The team that would challenge 72-10 is 2-2 (unless you insist on counting a victory over CSKA Moscow, then it is 3-2).
Of course, the team that would challenge 72-10 has been on true display for a grand total of 3 minutes, 17 seconds. That was when Dwyane Wade was lost in the exhibition opener with a strained right hamstring, an injury that might not allow a return until the Oct. 26 season opener in Boston.
And now LeBron James is out, too, with a sore right hamstring.
Suddenly, Chris Bosh is back in Toronto, only instead of having Andrea Bargnani alongside, his running mate at center is Joel Anthony, who lately has been making Bargnani look like a rebounding machine.
Not even a 20-point third-quarter Wednesday by Bosh was enough, in a 90-76 loss in New Orleans.
Training camp certainly couldn’t have been better. The time spent at the Hurlburt Field Air Force installation in the Florida Panhandle was productive on so many levels.
The preseason for the Miami Heat? That’s a different story.
No, this isn’t about the dueling hamstrings of Wade and LeBron, it’s about getting a read on continuity.
With Wade out, Mike Miller has been in the starting lineup. Only the plan had been to play Miller almost exclusively as a sixth man, to be paired alongside former University of Florida roommate Udonis Haslem.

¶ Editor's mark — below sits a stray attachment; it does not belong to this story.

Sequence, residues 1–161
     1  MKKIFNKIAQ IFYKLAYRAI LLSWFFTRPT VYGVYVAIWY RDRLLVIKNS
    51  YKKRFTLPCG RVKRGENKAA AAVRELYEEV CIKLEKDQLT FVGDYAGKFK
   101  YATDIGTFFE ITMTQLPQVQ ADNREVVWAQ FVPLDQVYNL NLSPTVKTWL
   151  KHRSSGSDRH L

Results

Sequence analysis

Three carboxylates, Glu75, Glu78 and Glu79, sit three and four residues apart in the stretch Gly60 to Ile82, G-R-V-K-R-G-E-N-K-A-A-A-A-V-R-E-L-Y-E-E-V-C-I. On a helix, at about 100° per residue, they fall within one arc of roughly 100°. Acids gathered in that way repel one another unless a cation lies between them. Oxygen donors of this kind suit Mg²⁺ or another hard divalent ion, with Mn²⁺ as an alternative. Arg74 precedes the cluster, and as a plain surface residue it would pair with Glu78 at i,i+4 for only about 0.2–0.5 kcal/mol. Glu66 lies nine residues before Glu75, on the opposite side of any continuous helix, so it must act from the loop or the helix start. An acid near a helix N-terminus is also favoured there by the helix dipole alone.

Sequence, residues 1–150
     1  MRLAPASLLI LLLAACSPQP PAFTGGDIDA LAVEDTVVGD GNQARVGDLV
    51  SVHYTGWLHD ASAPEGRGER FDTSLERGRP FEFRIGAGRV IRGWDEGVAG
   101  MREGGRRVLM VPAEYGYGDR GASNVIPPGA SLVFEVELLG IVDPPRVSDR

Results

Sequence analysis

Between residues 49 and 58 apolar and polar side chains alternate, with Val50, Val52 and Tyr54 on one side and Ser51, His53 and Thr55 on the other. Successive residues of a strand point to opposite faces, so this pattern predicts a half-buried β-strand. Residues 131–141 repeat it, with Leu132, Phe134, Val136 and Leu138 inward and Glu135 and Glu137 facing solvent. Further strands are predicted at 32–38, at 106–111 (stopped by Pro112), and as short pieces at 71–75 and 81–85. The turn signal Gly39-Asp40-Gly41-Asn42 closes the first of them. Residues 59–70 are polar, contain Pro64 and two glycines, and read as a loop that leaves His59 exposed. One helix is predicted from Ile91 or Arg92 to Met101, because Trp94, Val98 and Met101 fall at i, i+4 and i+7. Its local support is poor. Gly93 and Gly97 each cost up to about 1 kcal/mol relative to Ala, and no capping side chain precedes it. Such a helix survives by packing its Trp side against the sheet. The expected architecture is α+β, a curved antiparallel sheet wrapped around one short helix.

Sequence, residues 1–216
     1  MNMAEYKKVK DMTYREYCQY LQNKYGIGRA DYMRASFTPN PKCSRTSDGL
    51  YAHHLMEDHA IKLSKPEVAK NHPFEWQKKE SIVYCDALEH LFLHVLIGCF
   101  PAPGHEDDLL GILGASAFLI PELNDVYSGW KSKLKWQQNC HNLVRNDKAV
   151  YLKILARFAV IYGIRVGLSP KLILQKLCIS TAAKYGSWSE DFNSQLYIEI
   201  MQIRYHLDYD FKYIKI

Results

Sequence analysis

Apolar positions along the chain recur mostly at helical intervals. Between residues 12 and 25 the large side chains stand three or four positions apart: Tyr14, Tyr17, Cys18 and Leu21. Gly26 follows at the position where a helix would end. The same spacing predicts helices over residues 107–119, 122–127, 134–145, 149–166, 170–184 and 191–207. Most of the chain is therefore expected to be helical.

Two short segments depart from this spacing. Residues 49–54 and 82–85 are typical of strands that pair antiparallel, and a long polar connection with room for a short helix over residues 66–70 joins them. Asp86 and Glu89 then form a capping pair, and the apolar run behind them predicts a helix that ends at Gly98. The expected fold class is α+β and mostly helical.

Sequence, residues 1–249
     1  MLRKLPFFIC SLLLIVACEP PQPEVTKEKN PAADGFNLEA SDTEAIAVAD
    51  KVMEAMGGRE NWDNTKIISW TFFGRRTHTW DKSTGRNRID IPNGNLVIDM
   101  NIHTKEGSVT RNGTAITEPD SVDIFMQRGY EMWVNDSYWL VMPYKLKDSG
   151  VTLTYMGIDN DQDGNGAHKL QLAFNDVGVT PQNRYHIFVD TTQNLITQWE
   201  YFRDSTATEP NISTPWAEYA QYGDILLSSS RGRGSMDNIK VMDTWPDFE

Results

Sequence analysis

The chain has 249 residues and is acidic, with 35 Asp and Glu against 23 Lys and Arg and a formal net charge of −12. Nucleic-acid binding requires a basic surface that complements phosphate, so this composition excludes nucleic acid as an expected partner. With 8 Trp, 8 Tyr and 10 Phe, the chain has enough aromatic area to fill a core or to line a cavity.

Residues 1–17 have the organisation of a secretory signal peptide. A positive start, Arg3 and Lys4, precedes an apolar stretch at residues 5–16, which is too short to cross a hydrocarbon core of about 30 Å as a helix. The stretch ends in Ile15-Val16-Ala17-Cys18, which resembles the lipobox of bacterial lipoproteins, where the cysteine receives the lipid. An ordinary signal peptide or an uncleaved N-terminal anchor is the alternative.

Then there is the rebounding issue with Anthony, who in his first four preseason appearances grabbed exactly one rebound, leading to the question of whether an NBA center has ever gone four starts with four total rebounds. Wednesday in New Orleans there were a whopping three, as well as Anthony’s first points of the preseason, after going those first four games, all starts, without even attempting a shot.
And yet, with Anthony there at least the stability provided by his shot blocking.
At point guard, stability has been rumor. Mario Chalmers continues to battle a troublesome ankle that had him sidelined for two months this summer and two games this preseason. A balky groin has limited Carlos Arroyo to a single appearance. And someone named Patrick Beverley has been playing significant minutes, a rookie whose last college game was three seasons ago.
For veteran contenders, the preseason is considered an insignificant blip. The Celtics, Lakers, Spurs hardly need such an annoyance.
But for a Heat team that redefined itself this offseason, these could add up to missed opportunities.
Tuesday night, Russia’s best held a 10-point lead at one stage.
Wednesday, a Hornets team that lost its previous appearance by 54 in Orlando, won going away.
Having bucked conventional wisdom already with its free-agency approach, the Heat seemingly would like to buck another notion.
This is the rare team that might actually need a longer preseason.
As it is, the Heat will enter the regular season with the same questions that followed that early July celebration at AmericanAirlines Arena:
Does this combination guarantee success?
Darned if we know. Darned if we’ve gotten a chance to know.